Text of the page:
They were married at the Kanpur district court in presence of Salim, Nazia and Ashfaq’s sister, Fatima. Neha’s family was represented by her aunt, Urmila Devi.

In lieu of a marriage certificate, the couple signed a notary affidavit, which declared, “Neha, aged 18 years, and Ashfaq, aged 21, are getting married of their own will.” It was attested by two witnesses, Urmila Devi and Nazia.

A notary affidavit is not a legal proof of marriage. However, Ashfaq and Neha did not want to wait a month to be able to register their marriage under the Special Marriage Act. The couple still do not have a marriage certificate.

Three days after the wedding, the couple went to Gurugram, Haryana. Neha’s brother Aakash, who worked in Bengaluru, had heard about the wedding and telephoned his sister with “threats”, Razia alleged. In Gurugram, Ashfaq’s cousin helped them find a qazi to perform nikah.

“It was a temporary nikah where a few kalimas were read out,” Salim explained. “No one else from our side was present.”

The couple returned to Kanpur in April and Neha moved into Razia’s house to live with her husband. Razia built them a room, with unplastered walls and a tin roof.

Neha’s family didn’t really object, Salim and Razia said, even though they were clearly unhappy with the union. Neha’s father would occasionally ask Razia how his daughter was doing. “I would tell him everything is fine,” Razia said. Otherwise, the only family member to intermittently visit Neha and Ashfaq was Urmila Devi.

Salim showed Newslaundry the selfies they had taken. In one, Neha is wearing a burqa while Ashfaq smiles next to her in a skull cap; in another, she is wearing a mangalsutra and he is seated next to her.

In September, their lives came crashing down.

Arrest and FIR

When Neha and Ashfaq got married, Aakash, 22, her only brother, was living in Bengaluru, where he worked as a labourer in a factory making slippers. In March, when a nationwide lockdown was imposed to contain the spread of coronavirus, he returned home.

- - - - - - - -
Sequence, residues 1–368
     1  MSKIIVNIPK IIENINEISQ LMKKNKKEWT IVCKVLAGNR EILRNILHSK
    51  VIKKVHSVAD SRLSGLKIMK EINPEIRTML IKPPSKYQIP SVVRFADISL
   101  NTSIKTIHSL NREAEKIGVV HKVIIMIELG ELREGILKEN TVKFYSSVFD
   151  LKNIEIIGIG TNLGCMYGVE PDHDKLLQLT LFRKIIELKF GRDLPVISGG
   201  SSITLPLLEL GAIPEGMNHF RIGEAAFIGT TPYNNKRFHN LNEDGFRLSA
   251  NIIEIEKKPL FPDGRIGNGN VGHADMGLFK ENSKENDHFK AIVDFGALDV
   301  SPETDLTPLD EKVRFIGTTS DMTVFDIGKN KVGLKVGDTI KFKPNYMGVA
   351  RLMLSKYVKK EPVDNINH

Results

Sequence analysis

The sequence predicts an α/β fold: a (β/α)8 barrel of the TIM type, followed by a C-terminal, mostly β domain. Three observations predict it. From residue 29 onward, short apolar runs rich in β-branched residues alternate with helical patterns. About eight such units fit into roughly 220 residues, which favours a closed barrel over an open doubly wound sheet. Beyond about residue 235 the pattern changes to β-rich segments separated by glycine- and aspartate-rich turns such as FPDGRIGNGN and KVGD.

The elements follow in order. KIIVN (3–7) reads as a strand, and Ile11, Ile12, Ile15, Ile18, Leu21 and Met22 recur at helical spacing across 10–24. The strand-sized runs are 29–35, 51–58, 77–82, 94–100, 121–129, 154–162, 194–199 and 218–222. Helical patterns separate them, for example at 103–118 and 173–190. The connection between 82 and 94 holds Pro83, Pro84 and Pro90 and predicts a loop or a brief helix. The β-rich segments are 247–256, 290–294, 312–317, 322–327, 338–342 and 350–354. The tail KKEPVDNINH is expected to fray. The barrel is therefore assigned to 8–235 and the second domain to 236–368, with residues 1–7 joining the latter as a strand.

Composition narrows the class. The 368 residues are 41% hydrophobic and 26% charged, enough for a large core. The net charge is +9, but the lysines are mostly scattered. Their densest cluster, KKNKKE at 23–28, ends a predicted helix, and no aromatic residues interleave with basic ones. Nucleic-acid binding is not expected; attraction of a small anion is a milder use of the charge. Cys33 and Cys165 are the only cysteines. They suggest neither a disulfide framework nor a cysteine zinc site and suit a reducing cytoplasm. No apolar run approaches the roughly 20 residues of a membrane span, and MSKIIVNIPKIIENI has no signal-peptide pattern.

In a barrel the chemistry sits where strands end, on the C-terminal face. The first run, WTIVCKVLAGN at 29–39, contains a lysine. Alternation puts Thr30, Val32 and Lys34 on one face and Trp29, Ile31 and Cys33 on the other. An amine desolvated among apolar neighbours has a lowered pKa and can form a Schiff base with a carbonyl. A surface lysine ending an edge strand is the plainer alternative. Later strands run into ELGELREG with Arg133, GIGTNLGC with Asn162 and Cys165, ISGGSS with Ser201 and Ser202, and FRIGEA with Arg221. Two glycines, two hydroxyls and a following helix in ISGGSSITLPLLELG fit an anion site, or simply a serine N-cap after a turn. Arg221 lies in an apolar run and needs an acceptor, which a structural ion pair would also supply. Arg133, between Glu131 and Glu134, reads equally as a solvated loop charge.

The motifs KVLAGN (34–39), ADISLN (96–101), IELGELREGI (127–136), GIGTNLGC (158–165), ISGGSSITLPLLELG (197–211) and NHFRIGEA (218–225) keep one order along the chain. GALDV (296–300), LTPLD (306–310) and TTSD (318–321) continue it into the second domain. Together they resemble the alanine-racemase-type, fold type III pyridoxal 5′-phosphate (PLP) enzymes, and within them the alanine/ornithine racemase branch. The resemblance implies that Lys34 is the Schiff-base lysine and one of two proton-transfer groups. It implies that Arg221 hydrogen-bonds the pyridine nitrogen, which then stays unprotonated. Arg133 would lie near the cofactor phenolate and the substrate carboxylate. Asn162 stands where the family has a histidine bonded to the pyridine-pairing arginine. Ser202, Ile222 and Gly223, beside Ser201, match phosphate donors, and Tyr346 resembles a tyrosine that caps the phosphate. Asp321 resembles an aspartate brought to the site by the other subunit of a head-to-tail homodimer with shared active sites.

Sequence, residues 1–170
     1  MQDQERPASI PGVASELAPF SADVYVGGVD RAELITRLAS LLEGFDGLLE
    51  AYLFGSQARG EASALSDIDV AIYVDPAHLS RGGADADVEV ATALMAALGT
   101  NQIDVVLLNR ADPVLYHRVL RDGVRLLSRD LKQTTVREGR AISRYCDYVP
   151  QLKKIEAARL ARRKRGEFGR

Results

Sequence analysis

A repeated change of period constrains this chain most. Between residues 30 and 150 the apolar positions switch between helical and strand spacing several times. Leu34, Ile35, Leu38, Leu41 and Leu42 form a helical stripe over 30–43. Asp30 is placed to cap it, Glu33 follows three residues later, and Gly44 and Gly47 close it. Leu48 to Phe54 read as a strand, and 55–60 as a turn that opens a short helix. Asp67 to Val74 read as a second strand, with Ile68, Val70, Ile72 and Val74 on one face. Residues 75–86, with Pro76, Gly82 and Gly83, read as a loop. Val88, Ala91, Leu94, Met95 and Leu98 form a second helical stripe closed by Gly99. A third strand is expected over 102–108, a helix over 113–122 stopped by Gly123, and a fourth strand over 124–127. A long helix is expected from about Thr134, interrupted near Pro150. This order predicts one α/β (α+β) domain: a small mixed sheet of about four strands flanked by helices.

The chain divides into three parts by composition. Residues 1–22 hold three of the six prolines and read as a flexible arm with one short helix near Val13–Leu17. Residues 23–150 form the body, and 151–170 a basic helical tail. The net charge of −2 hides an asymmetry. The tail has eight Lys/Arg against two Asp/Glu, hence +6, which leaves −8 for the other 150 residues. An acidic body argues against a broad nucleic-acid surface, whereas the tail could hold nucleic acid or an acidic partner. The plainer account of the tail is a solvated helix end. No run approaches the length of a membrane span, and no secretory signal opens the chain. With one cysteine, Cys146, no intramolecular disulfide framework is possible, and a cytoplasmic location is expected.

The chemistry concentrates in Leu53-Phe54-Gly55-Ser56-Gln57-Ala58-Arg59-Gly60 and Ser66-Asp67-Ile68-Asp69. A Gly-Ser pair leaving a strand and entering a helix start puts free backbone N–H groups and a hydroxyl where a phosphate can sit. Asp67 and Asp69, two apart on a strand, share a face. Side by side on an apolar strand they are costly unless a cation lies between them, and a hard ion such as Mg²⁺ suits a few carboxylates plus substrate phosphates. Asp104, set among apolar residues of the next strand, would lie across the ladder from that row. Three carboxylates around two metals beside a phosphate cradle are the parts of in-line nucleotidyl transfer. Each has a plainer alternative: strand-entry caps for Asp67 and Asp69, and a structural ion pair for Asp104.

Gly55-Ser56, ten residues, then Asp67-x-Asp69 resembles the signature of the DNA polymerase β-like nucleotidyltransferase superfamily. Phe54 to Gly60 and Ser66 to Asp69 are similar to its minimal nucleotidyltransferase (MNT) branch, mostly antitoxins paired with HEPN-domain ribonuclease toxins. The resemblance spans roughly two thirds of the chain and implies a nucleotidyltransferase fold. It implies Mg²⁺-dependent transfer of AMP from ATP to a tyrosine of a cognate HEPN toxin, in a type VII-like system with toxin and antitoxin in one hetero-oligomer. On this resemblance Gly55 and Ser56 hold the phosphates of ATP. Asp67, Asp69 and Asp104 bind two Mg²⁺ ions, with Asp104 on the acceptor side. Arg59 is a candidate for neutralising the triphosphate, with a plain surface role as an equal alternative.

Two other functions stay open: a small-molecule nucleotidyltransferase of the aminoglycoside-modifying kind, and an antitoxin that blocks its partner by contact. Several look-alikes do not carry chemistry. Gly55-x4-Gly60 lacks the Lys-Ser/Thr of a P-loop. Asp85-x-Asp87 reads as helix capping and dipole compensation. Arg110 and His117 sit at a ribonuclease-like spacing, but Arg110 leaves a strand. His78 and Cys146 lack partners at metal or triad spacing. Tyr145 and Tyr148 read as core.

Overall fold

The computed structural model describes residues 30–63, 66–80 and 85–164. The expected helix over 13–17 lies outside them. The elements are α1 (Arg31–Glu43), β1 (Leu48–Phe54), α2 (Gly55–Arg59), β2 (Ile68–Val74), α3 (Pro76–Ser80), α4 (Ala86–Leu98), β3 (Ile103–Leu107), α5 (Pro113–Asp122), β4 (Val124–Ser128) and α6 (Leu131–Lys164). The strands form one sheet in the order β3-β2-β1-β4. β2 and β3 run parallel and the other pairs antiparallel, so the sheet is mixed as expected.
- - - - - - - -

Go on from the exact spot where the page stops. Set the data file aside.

Aakash claimed that he found out about Neha and Ashfaq only after he had returned. Salim said Aakash had known since February. He had issued threats to his sister and even tried to file an FIR in Bengaluru, unsuccessfully. That is, in fact, why the couple had gone to Gurugram for the nikah, Salim added.

In any case, Aakash was furious to learn that his sister had married a Muslim. “They were our neighbours and they broke our trust,” he told Newslaundry. “Today, it has happened to my sister. Tomorrow, it can happen to someone else.”

Did he think it was a case of “love jihad”? “They must have made her eat something in order to hold her captive,” Aakash replied.

On September 2, Aakash went to the Chakeri police station in Kanpur. Curiously, he had waited six months to do so. He refused to explain the delay to Newslaundry and then stopped responding to phone calls.

Another selfie of Ashfaq and Neha.

Another selfie of Ashfaq and Neha.

The room Razia built for Ashfaq and Neha.

The room Razia built for Ashfaq and Neha.

In his complaint, Aakash claimed that Neha was 16, not 18, and that she had been “wrongfully confined” at Ashfaq’s house for six months, where she was forced to “undergo conversion” and was subjected to “verbal and physical abuse”. “There was pressure on her to get money from home, else he would give her talaq or would kill her,” the complaint said, referring to Ashfaq.